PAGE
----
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Battle Ground woman held in death of motorcyclist

A Battle Ground woman accused in the death of a motorcyclist she rear-ended while he was stopped at a traffic light Friday told investigators “she did not know how the crash occurred and said the motorcycle came out of nowhere,” court records state.

Investigators say they believe Regina Mae Milam, 60, was under the influence of a drug at the time of the crash. A preliminary breath test found she had no alcohol in her system. However, Milam’s speech was slow, she slurred her words and repeated herself, her eyes were bloodshot and pupils constricted, and she performed poorly on field sobriety tests, according to an affidavit of probable cause. Her blood was seized for toxicology testing; those results are pending.

Milam appeared Monday in Clark County Superior Court on suspicion of vehicular homicide. Despite Milam’s lack of a criminal history, Judge Jennifer Snider set Milam’s bail at $100,000, citing concerns for community safety. She will be arraigned Aug. 16.

Authorities have not yet identified the motorcyclist. But family and friends identified him as 20-year-old Andrew Harig, according to a GoFundMe account.

“Andrew was an amazing young man. His kind heart and caring nature could be felt by all who knew him,” the memorial fund states. “He excelled at everything he did. If you called him for help at any time of the day, he would be there without question.”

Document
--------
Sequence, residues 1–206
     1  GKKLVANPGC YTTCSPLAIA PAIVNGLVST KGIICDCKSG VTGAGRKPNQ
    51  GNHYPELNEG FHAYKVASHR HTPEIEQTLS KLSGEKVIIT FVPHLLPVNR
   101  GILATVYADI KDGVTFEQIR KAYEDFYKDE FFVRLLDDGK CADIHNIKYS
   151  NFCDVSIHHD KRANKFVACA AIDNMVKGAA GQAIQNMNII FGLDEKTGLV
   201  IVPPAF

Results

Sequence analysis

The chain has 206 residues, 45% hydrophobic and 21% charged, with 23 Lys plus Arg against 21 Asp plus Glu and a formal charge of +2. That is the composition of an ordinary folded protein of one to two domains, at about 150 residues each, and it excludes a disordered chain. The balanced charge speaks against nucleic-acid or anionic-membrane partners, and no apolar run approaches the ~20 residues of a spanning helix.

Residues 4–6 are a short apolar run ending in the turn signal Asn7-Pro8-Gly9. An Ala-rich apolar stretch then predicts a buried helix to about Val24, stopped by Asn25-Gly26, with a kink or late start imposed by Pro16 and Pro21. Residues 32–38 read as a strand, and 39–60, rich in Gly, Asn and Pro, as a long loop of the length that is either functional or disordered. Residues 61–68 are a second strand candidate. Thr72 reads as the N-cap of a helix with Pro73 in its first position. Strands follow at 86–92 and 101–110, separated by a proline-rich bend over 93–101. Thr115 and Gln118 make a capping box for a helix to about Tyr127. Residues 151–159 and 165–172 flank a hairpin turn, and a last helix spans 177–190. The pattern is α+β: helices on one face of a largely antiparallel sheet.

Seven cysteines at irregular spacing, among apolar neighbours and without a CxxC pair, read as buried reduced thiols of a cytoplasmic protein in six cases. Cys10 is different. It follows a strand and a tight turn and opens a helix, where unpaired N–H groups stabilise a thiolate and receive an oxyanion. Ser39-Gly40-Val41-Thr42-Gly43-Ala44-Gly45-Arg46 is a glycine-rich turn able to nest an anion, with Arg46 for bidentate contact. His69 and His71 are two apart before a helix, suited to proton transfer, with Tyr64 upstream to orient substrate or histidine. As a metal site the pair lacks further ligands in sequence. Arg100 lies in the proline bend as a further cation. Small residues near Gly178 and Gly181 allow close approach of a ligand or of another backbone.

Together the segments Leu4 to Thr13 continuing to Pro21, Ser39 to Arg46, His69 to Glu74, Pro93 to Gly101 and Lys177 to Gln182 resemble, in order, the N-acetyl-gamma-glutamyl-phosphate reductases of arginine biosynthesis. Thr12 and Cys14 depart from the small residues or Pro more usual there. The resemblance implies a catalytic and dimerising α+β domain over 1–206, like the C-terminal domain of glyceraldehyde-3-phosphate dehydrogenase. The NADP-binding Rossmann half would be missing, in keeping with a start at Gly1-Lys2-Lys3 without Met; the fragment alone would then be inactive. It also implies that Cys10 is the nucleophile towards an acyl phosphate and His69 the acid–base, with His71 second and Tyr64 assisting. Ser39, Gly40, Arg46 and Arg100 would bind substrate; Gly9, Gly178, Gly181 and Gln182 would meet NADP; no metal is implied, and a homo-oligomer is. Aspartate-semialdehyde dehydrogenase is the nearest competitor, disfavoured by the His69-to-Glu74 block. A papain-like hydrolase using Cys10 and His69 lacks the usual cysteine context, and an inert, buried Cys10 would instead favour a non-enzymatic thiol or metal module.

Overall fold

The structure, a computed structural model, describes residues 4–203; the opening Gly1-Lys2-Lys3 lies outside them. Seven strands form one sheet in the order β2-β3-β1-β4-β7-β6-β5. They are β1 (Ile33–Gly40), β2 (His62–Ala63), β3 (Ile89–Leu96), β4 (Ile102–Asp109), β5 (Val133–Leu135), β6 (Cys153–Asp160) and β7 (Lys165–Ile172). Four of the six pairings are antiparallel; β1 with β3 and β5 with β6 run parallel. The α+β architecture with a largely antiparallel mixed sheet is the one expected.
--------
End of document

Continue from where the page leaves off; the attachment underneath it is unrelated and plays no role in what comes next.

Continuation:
Vancouver police and paramedics responded shortly before 2 p.m. Friday for a multivehicle crash, including a motorcycle, at the intersection of Northeast Fourth Plain Boulevard and Northeast Vancouver Mall Drive. The motorcyclist was declared dead at the scene, the affidavit says.

A witness, Brittany Gregory, told investigators she was following a black Toyota Camry east on Fourth Plain Boulevard and noticed it was swerving and having difficultly maintaining its lane. Gregory said the traffic signals for eastbound traffic were red and traffic was stopped, but the Toyota did not stop or slow down, according to the court document.

The Toyota crashed directly into the back of the stopped motorcycle, causing the rider to fly through the air and land in the middle of the intersection. The Toyota then struck several other vehicles before coming to a stop up on the curb on the south side of the road. The motorcycle was still attached to the hood of the Toyota, court records state.

The driver, identified by police as Milam, said “she thought she had a green light so she kept going without stopping or slowing down,” the affidavit says.

On Monday, Milam’s court-appointed attorney, Chris Ramsay, said no one knows if Milam was under the influence of anything and should be presumed innocent.

“This may just be a tragic accident, your honor,” he said.


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